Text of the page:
She Swal­lowed A Bat­tery

Ch­eryl’s tod­dler was left fight­ing for her life with in­ter­nal burns KA­CIE SPENT SIX WEEKS IN HOS­PI­TAL FOR MORE TREAT­MENT ACID BURNED THROUGH HER STOM­ACH

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My two-year-old daugh­ter Ka­cie climbed onto my lap for a cud­dle.

‘What’s wrong, sweetie?’ I asked as she buried her head in my chest.

She had not been her usual bub­bly self all morn­ing.

Later that day, she started throw­ing up and hav­ing bad di­ar­rhoea. I thought she just had a tummy bug.

Our GP agreed, and pre­scribed a course of an­tibi­otics. But, a few days on, I found Ka­cie strug­gling to breathe. Try­ing not to panic, I rushed her straight to Derby Hos­pi­tal.

‘It’s prob­a­bly pneu­mo­nia,’ a con­sul­tant told me.

Ka­cie was taken for an X-ray.

Sick with worry, I stayed with my lit­tle girl all night as we waited for the re­sults.

Then, at 3am, a doc­tor came to speak to me.

‘Ka­cie’s swal­lowed a bat­tery,’ she ex­plained.

It was a small but­ton bat­tery, the size of a 10p piece.

My mind raced. How on earth had she got her lit­tle mitts on one of those bat­ter­ies? And then it clicked… There were a cou­ple of lithium cell bat­ter­ies in a kitchen drawer at home. I’d had a few spares left over from when I changed the one on my set of car keys.

I’d thought that they were tucked safely out of harm’s way.

But I re­alised that Ka­cie must have some­how got the drawer open when my back was turned and mis­taken them for sweets.

Ut­terly dis­traught, I couldn’t hold it to­gether. ‘Is she go­ing to be OK?’ I sobbed. I knew swal­low­ing a bat­tery was dan­ger­ous, and I wor­ried about the dam­age it might do to her poor in­sides. Ka­cie soon un­der­went a short pro­ce­dure to re­move the bat­tery, and doc­tors be­lieved she would be OK. ‘You had a lucky es­cape, young lady,’ I told her, so re­lieved she was OK. Once we were back at home, I watched Ka­cie, her sis­ter Layla, five, and brother Joshua,three, like a hawk. A sin­gle mum, I had to have eyes in the back of my head. ‘You mustn’t put strange things in your mouth,’ I lec­tured them all. Then, two weeks later, Ka­cie sud­denly started throw­ing up blood

with clots in it. Panic set in. I rushed her straight to hos­pi­tal, from where she was trans­ferred to Birm­ing­ham Chil­dren’s Hos­pi­tal for spe­cial­ist care.

There, tests re­vealed that the acid from the bat­tery had burned through her stom­ach and dam­aged ar­ter­ies at the bot­tom of her back and oe­soph­a­gus.

Ka­cie needed emer­gency re­pair surgery. But it was so risky, there was a 40 per cent chance that Ka­cie wouldn’t sur­vive the op­er­a­tion. And, even if she did, there was a 50 per cent chance she could be paral­ysed from the waist down.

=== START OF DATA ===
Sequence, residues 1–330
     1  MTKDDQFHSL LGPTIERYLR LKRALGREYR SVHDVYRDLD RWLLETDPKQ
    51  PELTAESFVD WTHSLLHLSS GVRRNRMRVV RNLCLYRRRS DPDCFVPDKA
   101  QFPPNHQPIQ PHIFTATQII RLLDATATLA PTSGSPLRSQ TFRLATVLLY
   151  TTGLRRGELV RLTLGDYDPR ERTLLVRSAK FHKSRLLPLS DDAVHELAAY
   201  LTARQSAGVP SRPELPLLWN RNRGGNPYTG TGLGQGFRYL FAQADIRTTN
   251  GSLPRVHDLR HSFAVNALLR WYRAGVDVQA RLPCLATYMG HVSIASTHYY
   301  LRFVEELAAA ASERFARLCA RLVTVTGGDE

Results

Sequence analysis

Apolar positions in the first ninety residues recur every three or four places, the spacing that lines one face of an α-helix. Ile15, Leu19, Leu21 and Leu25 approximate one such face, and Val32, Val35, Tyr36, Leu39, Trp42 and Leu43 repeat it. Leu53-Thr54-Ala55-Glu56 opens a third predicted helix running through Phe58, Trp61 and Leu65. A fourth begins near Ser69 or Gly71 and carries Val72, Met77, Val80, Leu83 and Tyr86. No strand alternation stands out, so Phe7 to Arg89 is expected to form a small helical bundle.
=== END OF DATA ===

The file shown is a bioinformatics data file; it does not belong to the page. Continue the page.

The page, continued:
With­out the surgery, though, Ka­cie could die from her in­ter­nal in­juries caused by the bat­tery.

‘Just do what you have to do to save my baby,’ I begged doc­tors.

The six and a half hours that she was in surgery were com­plete tor­ture for me. When I got the news that she was OK, I felt like I could breathe again.

Not only had my lit­tle girl sur­vived – in­cred­i­bly, she hadn’t been paral­ysed.

‘I can’t thank you enough,’ I told her sur­geon, Dr Oliver Gee.

Ka­cie re­cov­ered amaz­ingly well fol­low­ing the op­er­a­tion.

In the weeks after, she learned to walk again and was on a liq­uid feed.

Fi­nally, after six weeks, she was al­lowed home.

She’s able to eat nor­mally again now, but she doesn’t have much of an ap­petite which I hope will change in time.

She’s hav­ing phys­io­ther­apy now, as the dam­age to her lower back has caused her legs to bow.

And she needs more checks on her oe­soph­a­gus, as there’s a chance it may have nar­rowed. Ka­cie is so lucky the bat­tery acid didn’t burn her in­sides com­pletely, though. I’ve since been told by the hos­pi­tal that she’s one of only two chil­dren in the world to have sur­vived swal­low­ing a but­ton bat­tery. I find the thought of how close I ac­tu­ally came to los­ing my baby ab­so­lutely ter­ri­fy­ing.

Hope­fully, other par­ents can learn from Ka­cie’s story and keep all bat­ter­ies locked away out of reach of their chil­dren.

Ka­cie is one of the lucky ones, but the next child might not be so for­tu­nate.

I find the thought of how close I came to los­ing her ab­so­lutely ter­ri­fy­ing.

Hope­fully, other par­ents can learn from Ka­cie’s story: Keep all bat­ter­ies locked away and well out of reach of lit­tle fin­gers.

Ka­cie is one of the lucky ones, but the next child might not be so for­tu­nate.

Ka­cie started throw­ing up blood

I came so close to los­ing her

Ch­eryl Bell, 27, Derby

so re­lieved

On­go­ing treat­ment

Deadly when swal­lowed

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